RESEARCH DESIGN AND METHODS—We assessed index single nucleotide polymorphisms (SNPs) for the 18 independent loci in 2,598 control subjects and 2,309 case subjects from the Genetics of Diabetes Audit and Research Tayside Study. The discriminatory ability of the combined SNP information was assessed by grouping individuals based on number of risk alleles carried and determining relative odds of type 2 diabetes and by calculating the area under the receiver-operator characteristic curve (AUC).
RESULTS—Individuals carrying more risk alleles had a higher risk of type 2 diabetes. For example, 1.2% of individuals with >24 risk alleles had an odds ratio of 4.2 (95% CI 2.11–8.56) against the 1.8% with 10–12 risk alleles. The AUC (a measure of discriminative accuracy) for these variants was 0.60. The AUC for age, BMI, and sex was 0.78, and adding the genetic risk variants only marginally increased this to 0.80.
CONCLUSIONS—Currently, common risk variants for type 2 diabetes do not provide strong predictive value at a population level. However, the joint effect of risk variants identified subgroups of the population at substantially different risk of disease. Further studies are needed to assess whether individuals with extreme numbers of risk alleles may benefit from genetic testing.
PMCID: PMC2570411  PMID: 18591388
16.  Ligand Modulated Antagonism of PPARγ by Genomic and Non-Genomic Actions of PPARδ 
PLoS ONE  2009;4(9):e7046.
Members of the Peroxisome Proliferator Activated Receptor, PPAR, subfamily of nuclear receptors display complex opposing and overlapping functions and a wide range of pharmacological and molecular genetic tools have been used to dissect their specific functions. Non-agonist bound PPARδ has been shown to repress PPAR Response Element, PPRE, signalling and several lines of evidence point to the importance of PPARδ repressive actions in both cardiovascular and cancer biology.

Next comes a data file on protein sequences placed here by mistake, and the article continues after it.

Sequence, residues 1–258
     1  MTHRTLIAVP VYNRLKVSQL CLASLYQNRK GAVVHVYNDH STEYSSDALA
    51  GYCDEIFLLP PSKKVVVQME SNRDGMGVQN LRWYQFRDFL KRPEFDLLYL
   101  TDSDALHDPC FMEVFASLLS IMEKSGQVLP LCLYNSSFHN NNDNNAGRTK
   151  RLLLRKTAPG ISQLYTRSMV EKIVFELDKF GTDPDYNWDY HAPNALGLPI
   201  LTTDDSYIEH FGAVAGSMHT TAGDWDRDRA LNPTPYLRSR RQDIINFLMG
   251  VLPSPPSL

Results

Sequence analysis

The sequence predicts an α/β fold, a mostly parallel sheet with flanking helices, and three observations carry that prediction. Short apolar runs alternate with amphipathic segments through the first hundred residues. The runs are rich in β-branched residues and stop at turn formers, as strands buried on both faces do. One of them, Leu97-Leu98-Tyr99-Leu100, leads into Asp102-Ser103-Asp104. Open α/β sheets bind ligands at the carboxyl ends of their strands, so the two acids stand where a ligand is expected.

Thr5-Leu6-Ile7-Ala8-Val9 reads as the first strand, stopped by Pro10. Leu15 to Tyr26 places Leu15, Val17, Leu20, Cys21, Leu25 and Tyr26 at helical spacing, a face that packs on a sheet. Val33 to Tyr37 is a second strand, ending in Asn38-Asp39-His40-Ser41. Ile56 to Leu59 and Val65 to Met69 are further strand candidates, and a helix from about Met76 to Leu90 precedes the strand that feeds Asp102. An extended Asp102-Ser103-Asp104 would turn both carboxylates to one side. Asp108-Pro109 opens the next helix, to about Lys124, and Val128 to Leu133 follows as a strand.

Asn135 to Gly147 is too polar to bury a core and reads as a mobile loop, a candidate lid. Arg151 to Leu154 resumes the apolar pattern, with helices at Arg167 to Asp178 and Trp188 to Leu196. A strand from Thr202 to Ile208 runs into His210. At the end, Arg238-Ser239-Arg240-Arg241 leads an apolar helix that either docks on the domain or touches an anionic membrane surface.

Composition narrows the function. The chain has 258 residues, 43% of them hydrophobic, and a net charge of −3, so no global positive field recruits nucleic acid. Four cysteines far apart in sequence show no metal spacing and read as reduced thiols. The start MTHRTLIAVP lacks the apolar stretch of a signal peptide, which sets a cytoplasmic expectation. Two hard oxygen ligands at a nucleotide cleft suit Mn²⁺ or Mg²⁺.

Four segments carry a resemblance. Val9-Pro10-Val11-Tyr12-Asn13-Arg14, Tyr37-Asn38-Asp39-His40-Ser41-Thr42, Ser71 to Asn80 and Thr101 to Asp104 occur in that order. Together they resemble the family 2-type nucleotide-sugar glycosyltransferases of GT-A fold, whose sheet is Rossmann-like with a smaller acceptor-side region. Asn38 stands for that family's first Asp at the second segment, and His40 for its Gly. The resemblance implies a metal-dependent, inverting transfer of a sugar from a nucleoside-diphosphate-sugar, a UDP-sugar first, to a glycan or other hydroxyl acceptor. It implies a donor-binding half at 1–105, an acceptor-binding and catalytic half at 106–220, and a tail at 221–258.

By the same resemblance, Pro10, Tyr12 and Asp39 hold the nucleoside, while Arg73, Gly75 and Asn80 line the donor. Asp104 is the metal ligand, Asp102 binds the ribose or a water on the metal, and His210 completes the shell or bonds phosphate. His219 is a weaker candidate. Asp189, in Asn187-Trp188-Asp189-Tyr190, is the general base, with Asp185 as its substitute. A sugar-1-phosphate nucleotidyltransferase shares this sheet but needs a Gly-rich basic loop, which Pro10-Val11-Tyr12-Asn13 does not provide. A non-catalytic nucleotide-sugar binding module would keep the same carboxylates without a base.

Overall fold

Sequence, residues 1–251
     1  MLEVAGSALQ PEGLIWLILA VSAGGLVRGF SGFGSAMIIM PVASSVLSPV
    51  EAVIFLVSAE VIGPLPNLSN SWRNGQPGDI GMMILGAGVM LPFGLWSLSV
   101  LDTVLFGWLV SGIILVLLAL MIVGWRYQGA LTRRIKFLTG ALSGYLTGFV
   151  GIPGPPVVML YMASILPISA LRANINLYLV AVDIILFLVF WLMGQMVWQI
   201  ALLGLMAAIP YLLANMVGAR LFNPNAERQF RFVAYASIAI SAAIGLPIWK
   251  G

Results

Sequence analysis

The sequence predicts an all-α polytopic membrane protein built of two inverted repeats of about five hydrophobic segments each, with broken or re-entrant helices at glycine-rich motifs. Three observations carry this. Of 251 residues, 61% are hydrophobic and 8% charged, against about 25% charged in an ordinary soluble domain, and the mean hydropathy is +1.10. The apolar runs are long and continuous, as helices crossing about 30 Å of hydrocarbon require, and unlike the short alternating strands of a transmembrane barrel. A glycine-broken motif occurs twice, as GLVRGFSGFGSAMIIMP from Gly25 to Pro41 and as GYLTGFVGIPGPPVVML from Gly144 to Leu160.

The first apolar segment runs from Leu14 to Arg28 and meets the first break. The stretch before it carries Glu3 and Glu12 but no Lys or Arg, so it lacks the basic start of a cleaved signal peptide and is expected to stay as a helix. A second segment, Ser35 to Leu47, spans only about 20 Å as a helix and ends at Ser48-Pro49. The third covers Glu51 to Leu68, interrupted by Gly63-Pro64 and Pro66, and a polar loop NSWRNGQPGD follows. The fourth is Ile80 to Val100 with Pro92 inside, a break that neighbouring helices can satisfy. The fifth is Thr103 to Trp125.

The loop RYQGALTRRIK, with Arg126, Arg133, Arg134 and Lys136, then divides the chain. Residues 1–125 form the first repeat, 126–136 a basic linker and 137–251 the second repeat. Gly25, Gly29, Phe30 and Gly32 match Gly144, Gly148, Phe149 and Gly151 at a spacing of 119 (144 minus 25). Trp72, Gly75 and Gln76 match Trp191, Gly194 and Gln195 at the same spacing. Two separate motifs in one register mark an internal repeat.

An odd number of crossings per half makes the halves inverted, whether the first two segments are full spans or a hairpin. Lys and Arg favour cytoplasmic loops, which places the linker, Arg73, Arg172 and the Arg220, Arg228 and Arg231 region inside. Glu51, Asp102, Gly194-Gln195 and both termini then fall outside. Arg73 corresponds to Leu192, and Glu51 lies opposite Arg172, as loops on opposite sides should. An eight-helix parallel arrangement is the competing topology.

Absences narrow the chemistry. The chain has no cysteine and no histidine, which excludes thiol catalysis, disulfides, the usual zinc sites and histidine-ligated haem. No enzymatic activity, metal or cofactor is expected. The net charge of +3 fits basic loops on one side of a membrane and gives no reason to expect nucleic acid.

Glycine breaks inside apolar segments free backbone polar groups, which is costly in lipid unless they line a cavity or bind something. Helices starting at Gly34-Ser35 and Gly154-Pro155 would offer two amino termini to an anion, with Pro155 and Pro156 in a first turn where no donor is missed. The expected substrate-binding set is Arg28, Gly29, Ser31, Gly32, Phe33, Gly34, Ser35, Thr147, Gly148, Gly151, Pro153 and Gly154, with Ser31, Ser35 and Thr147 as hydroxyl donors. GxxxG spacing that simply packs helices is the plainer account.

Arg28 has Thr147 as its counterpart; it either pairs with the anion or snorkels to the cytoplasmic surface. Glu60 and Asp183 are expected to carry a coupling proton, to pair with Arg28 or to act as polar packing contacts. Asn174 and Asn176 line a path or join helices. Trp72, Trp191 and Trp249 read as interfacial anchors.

Methodology/Principal Findings
In this report we have employed transient transfections and luciferase reporter gene technology to study the repressing effects of PPARδ and two derivatives thereof. We demonstrate for the first time that the classical dominant negative deletion of the Activation Function 2, AF2, domain of PPARδ show enhanced repression of PPRE signalling in the presence of a PPARδ agonist. We propose that the mechanism for the phenomenon is increased RXR heterodimerisation and DNA binding upon ligand binding concomitant with transcriptional co-repressor binding. We also demonstrated ligand-dependent dominant negative action of a DNA non-binding derivative of PPARδ on PPARγ1 signalling. This activity was abolished upon over-expression of RXRα suggesting a role for PPAR/cofactor competition in the absence of DNA binding.
These findings are important in understanding the wide spectrum of molecular interactions in which PPARδ and PPARγ have opposing biological roles and suggest novel paradigms for the design of different functional classes of nuclear receptor antagonist drugs.
PMCID: PMC2737640  PMID: 19756148
17.  Carrier Status for the Common R501X and 2282del4 Filaggrin Mutations Is Not Associated with Hearing Phenotypes in 5377 Children from the ALSPAC Cohort 
PLoS ONE  2009;4(6):e5784.
Filaggrin is a major protein in the epidermis. Several mutations in the filaggrin gene (FLG) have been associated with a number of conditions. Filaggrin is expressed in the tympanic membrane and could alter its mechanical properties, but the relationship between genetic variation in FLG and hearing has not yet been tested.
Methodology/Principal Findings
We examined whether loss-of function mutations R501X and 2282del4 in the FLG gene affected hearing in children. Twenty eight hearing variables representing five different aspects of hearing at age nine years in 5,377 children from the Avon Longitudinal Study of Parents and Children (ALSPAC) cohort were tested for association with these mutations. No evidence of association was found between R501X or 2282del4 (or overall FLG mutation carrier status) and any of the hearing phenotypes analysed.
In conclusion, carrier status for common filaggrin mutations does not affect hearing in children.
PMCID: PMC2685991  PMID: 19492053
18.  Common variants in WFS1 confer risk of type 2 diabetes 
Nature genetics  2007;39(8):951-953.